Waiting for the Host 


Through Saturday, Oct. 10 

Raleigh Little Theatre, online  

The prolific horrors and absurdities of 2020 have repeatedly beggared description. The only reason we’d hesitate to apply CNN host Jake Tapper’s description of last week’s presidential debate—“a hot mess inside a dumpster fire inside a train wreck”—to the whole wretched year would be the credible fear that something even worse still lurks between now and December 31. 

Theodora, an Episcopal priest who’s a central character in Raleigh Little Theatre’s virtual production of Waiting for the Host, has plenty of company among those feeling godforsaken in the real world. There’s no shortage of theater artists in that number.

Amputated from their audiences in the spring and evicted from live venues, they’ve been forced to reinvent themselves, almost overnight, as practitioners of another genre altogether: a weird online hybrid of film and television with technical requirements that impose an aesthetic fundamentally different from conventional theater. 

With few exceptions, the entire theatrical cohort has necessarily been learning to crawl ever since. Amid flashes of brilliance—and no small amount of beginners’ luck—in exceptional showings like the Women’s Theatre Festival’s Natural Shocks in March, theater groups have mainly struggled while trying to acquire new technical and artistic fluency. 

That struggle continues in Waiting for the Host. Artistic director Patrick Torres tries to recalibrate his cast’s performances from the overbroad gestures appropriate in a full proscenium theater to the subtler micro-gestures needed when acting for laptop cameras set only a few feet away. But with few exceptions, actors overshot—and overacted—on opening night.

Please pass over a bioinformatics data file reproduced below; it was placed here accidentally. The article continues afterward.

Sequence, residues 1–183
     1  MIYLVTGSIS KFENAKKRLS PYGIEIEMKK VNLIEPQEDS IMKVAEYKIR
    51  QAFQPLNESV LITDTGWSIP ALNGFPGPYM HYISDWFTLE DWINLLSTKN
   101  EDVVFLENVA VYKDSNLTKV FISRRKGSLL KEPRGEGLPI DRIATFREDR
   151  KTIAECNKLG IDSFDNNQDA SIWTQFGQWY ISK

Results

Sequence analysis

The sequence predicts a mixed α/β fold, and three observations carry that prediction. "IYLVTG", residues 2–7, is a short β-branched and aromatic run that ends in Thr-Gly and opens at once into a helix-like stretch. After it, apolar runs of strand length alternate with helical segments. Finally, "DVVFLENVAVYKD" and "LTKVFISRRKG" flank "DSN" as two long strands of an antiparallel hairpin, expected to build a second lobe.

They were hardly helped by similar excesses in the underdeveloped characters and situations in Marc Palmieri’s uneven script, which was rushed too soon to market after its April world premiere. It would be a challenge to overcome the wan stereotypes and lowest common plot denominators in a text that rarely rises to the level of sophistication we’ve come to expect from Raleigh Little Theatre.

It was uncomfortable watching veteran actor Tina Morris Anderson reduced to a perpetually cringing clergyperson as Theodora, longtime theatrical yeoman George Labusohr to a template of a jilted lover with an ax to grind as Vincent, and up-and-comer Joey DeSena to a generic, pretentious big-city the-ah-tah director as Dodd.    

Palmieri tries to convey a present-day slice of American life as the characters gather on Zoom to rehearse a church’s Easter play that’s been forced to go online. Preacher’s kid and technical wiz Ben (Hakeem Abdur-Rahim) complains that “there’s nothing usual anymore,” before Effie (Gillie Conklin), an irascible but technically illiterate senior citizen straight from central casting, grouses about the onset of quarantine during Lent: “I was going to give up cheese. Then we gave up civilization.” 

Feeling all but literally godforsaken, Theodora pointedly ends the passion play at Jesus’s crucifixion, without staging a resurrection. When predictable consequences unfold from there, the future of the budding theatrical troupe hangs in the balance—even more so when Dodd breezily proposes a follow-up production of Oedipus Rex.

But the gears repeatedly grind when the playwright abruptly shifts from low-level sitcom jokes to Theodora’s true but insufficiently supported moments of doubt and pain. Estranged characters reconcile without rhyme or reason, and Palmieri telegraphs a character’s arc with a single cough. This lack of subtlety in the text mirrors similar troubles in a production from a theatrical community that’s still out on the comeback trail. 

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